Friday, December 22, 2006

A brief History of Christmas Cards

Merry Christmas - see you after the holidays

Christmas Card ExampleChristmas cards were partly inspired by Valentine's Day cards and New Year's cards, the oldest surviving of which was printed in 1466. Home-made cards were fashioned by children even during the reign of Queen Anne, but the popularized Christmas card as we know it wasn't invented until the mid 1800s.

There is some debate over who was the "inventor" of the Christmas card. The oldest Christmas card created for general distribution probably was created by William Egley Jr.; a 16 year-old British youth. His 3 1/2-inch- by 5 1/2-inch, preserved in the British Museum, depicts four holiday scenes and a "Merry Christmas and Happy New Year" greeting with blanks after the word "To" on the top and "From" at the bottom. Industrious kid! The date on his card is clearly 1842... or 1849. The last figure is obscure, so it's difficult to say who was first.

In the year 1843, Sir Henry Cole commissioned John Calcott Horsley to paint a card showing the feeding and clothing of the poor. A center panel displayed a happy family embracing one another, sipping wine and enjoying the festivities. (So much for good intentions. The card drew criticism because showing a child enjoying a sip of wine was considered "fostering the moral corruption of children.") "A Merry Christmas and a Happy New Year to You" was printed on that first Christmas card. Legend says Sir Henry Cole didn't send any Christmas cards the following year, but the custom became popular anyway.

Others say the date of this story was in 1847. They agree that the first Christmas card was produced by Sir Henry Cole who worked for the British Postal Service, and an artist he hired named John Horsley. Cole was too busy to write his own greetings, so he hired Horsley to design a card for him. One thousand of these cards were printed and could be mailed for a penny a piece.

The criticism it drew may have contributed to its popularity. By the Christmas season of 1847, a number of people were giving out Christmas cards of their own. Had it not been for the controversy over Horsley's card, many of these new card givers may never have considered it.

The early Christmas card manufacturers believed Christmas cards to be a fad that would soon pass. They did not bother to document the cards they produced. However, the Christmas card was destined to become an integral part of the holiday season. By 1880 their manufacture was big business, creating previously unknown opportunities for artists, writers, printers, and engravers.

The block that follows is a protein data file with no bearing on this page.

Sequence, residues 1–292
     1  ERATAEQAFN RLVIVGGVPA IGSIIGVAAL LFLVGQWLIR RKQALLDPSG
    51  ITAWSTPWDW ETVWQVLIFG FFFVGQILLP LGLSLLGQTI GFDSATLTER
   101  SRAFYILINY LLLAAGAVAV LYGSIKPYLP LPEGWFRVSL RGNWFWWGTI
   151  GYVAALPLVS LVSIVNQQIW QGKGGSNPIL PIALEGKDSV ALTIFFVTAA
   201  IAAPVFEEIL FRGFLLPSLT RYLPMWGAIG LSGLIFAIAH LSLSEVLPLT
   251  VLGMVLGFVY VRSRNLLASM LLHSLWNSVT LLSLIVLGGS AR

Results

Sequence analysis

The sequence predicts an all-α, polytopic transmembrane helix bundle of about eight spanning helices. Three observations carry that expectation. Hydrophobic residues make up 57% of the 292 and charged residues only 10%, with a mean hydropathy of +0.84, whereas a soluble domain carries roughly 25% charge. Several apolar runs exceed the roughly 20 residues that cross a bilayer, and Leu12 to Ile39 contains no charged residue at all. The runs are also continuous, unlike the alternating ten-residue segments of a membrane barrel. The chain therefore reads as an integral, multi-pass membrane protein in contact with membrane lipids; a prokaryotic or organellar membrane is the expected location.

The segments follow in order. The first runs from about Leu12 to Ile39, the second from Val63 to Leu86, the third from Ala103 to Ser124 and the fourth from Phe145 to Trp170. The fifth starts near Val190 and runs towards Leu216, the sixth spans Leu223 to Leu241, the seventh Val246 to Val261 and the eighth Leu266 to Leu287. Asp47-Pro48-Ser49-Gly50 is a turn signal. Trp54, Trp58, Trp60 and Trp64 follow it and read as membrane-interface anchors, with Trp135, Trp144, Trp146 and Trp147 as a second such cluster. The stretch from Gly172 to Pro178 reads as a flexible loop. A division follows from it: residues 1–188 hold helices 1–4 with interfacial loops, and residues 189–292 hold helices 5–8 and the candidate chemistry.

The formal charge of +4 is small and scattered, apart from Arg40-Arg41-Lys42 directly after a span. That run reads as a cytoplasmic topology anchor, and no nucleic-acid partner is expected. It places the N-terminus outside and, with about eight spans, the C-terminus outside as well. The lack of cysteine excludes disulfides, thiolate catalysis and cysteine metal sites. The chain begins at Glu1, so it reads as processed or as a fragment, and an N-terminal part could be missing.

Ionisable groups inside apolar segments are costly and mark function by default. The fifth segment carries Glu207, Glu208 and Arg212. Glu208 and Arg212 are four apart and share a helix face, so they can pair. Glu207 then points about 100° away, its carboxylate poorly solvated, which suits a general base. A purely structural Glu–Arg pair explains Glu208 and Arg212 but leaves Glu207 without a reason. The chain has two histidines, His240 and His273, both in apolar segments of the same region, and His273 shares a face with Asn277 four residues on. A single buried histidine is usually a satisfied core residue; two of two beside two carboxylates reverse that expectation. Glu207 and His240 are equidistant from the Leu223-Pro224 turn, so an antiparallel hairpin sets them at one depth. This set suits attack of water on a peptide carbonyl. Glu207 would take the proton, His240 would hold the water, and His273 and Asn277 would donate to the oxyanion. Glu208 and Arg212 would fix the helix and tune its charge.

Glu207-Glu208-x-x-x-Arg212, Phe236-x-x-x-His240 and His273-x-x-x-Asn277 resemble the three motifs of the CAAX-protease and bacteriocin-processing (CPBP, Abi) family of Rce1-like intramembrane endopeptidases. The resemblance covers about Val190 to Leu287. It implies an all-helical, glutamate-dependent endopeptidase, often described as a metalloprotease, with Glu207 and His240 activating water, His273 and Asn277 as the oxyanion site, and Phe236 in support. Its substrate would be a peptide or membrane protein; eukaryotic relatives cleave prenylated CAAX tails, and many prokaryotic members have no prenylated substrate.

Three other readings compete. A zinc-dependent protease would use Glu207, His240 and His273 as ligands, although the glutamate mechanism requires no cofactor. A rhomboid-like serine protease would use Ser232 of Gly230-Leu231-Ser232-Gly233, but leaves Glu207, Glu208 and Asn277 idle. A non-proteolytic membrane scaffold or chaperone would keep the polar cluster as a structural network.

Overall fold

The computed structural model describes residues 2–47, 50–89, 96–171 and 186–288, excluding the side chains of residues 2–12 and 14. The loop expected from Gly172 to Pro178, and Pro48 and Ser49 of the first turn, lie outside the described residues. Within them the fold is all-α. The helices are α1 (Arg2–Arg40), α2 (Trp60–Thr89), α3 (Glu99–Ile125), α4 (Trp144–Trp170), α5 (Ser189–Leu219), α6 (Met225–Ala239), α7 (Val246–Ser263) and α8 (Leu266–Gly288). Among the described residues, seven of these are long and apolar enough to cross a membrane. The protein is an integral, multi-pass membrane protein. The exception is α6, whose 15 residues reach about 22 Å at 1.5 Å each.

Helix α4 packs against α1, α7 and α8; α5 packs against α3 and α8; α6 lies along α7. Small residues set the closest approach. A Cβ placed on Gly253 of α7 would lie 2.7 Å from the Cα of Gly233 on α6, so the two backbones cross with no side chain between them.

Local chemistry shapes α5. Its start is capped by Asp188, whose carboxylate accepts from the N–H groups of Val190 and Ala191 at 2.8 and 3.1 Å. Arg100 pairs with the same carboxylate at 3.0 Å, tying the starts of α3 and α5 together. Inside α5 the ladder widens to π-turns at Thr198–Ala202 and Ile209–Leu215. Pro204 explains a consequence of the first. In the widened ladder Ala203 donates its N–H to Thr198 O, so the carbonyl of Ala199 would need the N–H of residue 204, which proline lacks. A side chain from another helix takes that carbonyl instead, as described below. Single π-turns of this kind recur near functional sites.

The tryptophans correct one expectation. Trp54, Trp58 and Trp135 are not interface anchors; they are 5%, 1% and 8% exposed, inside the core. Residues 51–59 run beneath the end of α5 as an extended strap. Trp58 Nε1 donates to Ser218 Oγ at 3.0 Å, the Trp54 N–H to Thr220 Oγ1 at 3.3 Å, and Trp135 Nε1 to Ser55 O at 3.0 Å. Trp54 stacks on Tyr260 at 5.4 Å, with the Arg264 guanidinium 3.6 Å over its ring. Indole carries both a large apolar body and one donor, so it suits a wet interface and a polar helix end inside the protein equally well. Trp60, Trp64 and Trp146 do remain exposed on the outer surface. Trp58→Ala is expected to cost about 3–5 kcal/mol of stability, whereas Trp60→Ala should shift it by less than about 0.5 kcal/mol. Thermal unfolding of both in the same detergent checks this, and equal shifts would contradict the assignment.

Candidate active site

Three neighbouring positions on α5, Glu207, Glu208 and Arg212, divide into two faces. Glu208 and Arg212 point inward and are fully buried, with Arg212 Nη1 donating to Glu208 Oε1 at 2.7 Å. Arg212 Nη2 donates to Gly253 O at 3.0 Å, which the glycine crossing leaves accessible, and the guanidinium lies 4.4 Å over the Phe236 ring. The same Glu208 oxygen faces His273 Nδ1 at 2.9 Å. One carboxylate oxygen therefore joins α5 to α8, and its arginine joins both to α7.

In 1875, Louis Prang, a German immigrant to the U.S., opened a lithographic shop with $250 and published the first line of U.S. Christmas cards. His initial creations featured flowers and birds, unrelated to the Christmas scene. By 1881, Prang was producing more than five million Christmas cards each year. His Yuletide greetings began to feature snow scenes, fir trees, glowing fireplaces and children playing with toys. His painstaking craftsmanship and lithographic printing have made his cards a favorite of collectors today.

Prang received most of his recognition however from his Christmas card contests that he ran. Every year he would enlist of the help of well-known figures in the American art world to judge the entrants. Winners would receive cash prizes. He further involved the public by allowing them to vote for their favorite cards, as well. This "Public Prize" was conducted apart from the professional judges and the winners were also awarded cash prizes.

Today, over 2.6 billion Christmas cards are mailed annually (over $571 million dollars worth!). This amount is almost twice the volume of the $277 million dollars worth of Valentine cards mailed annually.

Christmas card information from Holiday Decorations


jessica said...


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Vic Grace said...

Thanks Jessica I really appreciate that you like the blog and stopped to say so. I couldn't access your blog so I could visit personally.

I will look at that link you left.

Merry Christmas and Happy New Year to you and yours.

I don't know if I will blog in the next few days or not since everyone is busy with Christmas etc.

Jeni said...

Here's wishing you a very Merry Christmas, Vic! I'm about ready to curl up into a fetal position and sleep for the next 2-3 days I think!

crpitt said...

Happy Christmas and have a Great New Year!
I am also not sure if i will blog over the next few days, but might not be able to stay away from the computer? also i have to fit in my chunk of the story!

Karen & Mike said...

Merry Christmas from Lone Butte, Vic!

Jeni said...

Really interesting reading the history behind Christmas cards. You've been doing a heck of a good job on trying to educate us the past two weeks. Now, I hope you can also find a good and easy way to help us retain the information you've been presenting here!

CreditGirl said...

Dear Jessica, thank you for your blog, you can't imagine how much I love all kinds of cards, I have a big collection of them. For some reason I have never thought about their history. Now I know all about it thanks to you!